I am troubled by the Tribunal’s conclusion that the statements of the two witnesses were fabricated. It is one thing to find that evidence should not be given any weight. It is quite another to conclude that evidence is a fabrication. The High Court has said in a different context that “as a matter of logic and common sense, something more than mere rejection of a person’s evidence is necessary before there can be a positive finding that he or she deliberately lied in the giving of that evidence”: Smith v New South Wales Bar Association (1992) 176 CLR 256 at 268 (Brennan, Dawson, Toohey and Gaudron JJ). The Tribunal was entitled to find that the evidence of the two witnesses could not overcome the inconsistencies in the appellant’s account. It was unnecessary and inappropriate, however, for the Tribunal to go further and find that their evidence was a fabrication: Smith at 271–2 (Deane J). In the circumstances, that finding was unreasonable. It should not have been made.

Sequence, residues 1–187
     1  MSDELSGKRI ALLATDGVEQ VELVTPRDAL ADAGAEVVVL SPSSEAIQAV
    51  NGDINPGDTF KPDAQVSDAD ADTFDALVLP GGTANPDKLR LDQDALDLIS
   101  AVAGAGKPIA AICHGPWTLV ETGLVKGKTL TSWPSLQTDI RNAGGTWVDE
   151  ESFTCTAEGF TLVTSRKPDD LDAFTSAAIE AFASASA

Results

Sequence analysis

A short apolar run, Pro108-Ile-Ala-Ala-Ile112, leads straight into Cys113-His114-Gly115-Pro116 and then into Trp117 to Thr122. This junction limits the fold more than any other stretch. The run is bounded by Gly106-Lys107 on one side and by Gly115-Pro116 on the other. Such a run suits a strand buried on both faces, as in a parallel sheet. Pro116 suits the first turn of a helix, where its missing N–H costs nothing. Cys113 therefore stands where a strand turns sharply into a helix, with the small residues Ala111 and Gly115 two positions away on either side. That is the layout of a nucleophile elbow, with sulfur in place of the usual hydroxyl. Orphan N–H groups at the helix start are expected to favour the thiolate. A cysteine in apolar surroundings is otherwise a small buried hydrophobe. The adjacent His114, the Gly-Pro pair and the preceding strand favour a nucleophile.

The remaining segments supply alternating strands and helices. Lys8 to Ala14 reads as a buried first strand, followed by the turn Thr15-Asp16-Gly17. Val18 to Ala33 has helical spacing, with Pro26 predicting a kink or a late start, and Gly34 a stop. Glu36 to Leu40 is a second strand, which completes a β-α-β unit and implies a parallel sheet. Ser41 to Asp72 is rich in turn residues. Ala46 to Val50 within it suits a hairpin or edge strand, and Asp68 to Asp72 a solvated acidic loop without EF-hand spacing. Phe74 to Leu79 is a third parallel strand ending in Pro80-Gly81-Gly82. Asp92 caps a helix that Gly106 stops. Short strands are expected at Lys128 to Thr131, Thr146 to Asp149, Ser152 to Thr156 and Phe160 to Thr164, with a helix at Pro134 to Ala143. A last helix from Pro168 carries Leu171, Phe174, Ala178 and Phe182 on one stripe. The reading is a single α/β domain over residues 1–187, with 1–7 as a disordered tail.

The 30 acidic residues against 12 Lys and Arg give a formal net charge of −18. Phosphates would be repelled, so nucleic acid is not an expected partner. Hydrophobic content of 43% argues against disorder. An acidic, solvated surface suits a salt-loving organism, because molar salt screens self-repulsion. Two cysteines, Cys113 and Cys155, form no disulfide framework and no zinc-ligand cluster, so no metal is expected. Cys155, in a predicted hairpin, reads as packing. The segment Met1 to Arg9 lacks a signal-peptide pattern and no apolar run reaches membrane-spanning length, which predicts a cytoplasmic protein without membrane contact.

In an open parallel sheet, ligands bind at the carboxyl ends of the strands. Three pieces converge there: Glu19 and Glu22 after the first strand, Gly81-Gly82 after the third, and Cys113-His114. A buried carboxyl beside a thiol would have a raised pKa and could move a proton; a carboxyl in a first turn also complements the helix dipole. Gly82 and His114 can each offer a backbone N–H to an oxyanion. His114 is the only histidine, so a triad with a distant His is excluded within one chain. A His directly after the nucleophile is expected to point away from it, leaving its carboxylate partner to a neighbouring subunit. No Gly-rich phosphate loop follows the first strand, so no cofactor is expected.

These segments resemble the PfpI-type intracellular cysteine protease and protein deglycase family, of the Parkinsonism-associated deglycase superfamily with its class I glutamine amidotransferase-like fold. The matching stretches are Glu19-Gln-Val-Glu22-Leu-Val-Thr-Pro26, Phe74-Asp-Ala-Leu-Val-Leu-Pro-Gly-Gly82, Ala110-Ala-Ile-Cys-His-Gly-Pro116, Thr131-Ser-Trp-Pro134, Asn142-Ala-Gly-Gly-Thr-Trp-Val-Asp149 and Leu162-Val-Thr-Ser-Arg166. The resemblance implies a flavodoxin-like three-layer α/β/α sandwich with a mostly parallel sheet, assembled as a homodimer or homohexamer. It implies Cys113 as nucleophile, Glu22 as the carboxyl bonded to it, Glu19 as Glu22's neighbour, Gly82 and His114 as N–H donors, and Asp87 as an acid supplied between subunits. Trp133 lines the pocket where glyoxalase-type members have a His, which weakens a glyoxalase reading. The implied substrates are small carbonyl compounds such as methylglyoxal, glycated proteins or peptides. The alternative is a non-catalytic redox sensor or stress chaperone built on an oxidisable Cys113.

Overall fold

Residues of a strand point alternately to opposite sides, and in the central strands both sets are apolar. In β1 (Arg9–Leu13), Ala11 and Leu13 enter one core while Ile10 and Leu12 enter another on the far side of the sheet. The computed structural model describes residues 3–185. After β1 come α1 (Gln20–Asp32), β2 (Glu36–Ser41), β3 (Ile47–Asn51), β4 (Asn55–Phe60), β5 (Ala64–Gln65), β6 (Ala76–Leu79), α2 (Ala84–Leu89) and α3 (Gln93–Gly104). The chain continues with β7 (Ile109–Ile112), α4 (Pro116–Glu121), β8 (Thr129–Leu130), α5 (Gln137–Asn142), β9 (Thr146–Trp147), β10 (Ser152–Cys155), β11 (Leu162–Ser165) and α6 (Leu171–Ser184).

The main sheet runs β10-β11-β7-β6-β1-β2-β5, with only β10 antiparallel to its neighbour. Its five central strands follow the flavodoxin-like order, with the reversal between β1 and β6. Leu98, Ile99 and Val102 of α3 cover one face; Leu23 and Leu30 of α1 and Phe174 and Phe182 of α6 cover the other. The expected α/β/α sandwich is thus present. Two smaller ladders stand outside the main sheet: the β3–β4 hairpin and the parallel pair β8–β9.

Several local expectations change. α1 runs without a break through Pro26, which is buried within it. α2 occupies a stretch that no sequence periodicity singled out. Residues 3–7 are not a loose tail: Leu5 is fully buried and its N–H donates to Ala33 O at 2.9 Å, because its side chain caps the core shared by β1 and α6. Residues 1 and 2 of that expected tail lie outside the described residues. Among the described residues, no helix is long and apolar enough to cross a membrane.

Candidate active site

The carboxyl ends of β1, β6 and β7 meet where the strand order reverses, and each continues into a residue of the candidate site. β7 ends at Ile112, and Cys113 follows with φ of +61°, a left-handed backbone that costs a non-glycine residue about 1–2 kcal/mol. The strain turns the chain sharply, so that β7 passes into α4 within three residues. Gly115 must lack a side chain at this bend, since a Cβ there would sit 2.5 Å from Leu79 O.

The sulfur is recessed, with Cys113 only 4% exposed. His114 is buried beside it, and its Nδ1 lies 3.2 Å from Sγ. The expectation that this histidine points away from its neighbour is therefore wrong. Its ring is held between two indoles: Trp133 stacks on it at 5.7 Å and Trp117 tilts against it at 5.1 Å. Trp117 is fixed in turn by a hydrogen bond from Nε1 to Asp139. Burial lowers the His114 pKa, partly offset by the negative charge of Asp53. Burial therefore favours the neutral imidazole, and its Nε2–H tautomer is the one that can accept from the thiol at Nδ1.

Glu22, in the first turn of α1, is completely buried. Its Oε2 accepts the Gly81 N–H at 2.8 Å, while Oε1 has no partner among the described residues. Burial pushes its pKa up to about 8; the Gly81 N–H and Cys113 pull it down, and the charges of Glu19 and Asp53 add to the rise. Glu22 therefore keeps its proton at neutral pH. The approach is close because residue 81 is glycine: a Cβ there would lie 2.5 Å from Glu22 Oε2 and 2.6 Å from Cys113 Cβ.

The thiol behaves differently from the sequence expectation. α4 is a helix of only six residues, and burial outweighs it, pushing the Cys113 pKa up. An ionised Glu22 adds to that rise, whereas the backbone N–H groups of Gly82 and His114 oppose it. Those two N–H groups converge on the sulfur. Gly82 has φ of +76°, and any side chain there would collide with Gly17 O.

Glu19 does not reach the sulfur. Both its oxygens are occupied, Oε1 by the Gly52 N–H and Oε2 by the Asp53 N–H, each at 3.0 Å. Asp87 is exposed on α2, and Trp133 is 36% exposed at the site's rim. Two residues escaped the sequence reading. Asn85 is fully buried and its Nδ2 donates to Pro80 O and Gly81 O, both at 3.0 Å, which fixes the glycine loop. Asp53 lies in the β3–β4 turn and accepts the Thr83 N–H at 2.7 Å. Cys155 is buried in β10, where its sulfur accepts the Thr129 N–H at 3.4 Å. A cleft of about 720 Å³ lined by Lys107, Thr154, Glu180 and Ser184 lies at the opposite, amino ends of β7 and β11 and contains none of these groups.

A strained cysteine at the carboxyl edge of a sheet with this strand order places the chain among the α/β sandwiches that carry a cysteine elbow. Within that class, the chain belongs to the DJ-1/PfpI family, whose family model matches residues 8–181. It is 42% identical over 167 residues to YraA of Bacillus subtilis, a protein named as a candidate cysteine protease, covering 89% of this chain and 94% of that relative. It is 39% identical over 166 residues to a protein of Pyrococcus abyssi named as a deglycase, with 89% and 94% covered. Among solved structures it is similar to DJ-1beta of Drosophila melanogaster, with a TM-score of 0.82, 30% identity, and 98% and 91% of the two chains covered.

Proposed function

About 11 years earlier, the Federal Court observed in Minister for Immigration & Multicultural & Indigenous Affairsv Maltsin  FCAFC 118 at  that the damning of witnesses other than the applicant might be a jurisdictional error, in at least two distinct ways:
… It was, however, unfair in the circumstances to condemn as dishonest a group of individuals, some of whom had and some of whom had not prepared statements for the Tribunal, in circumstances where they had no chance at all to answer such an accusation, especially as the basis for the finding of dishonesty was not self-evident.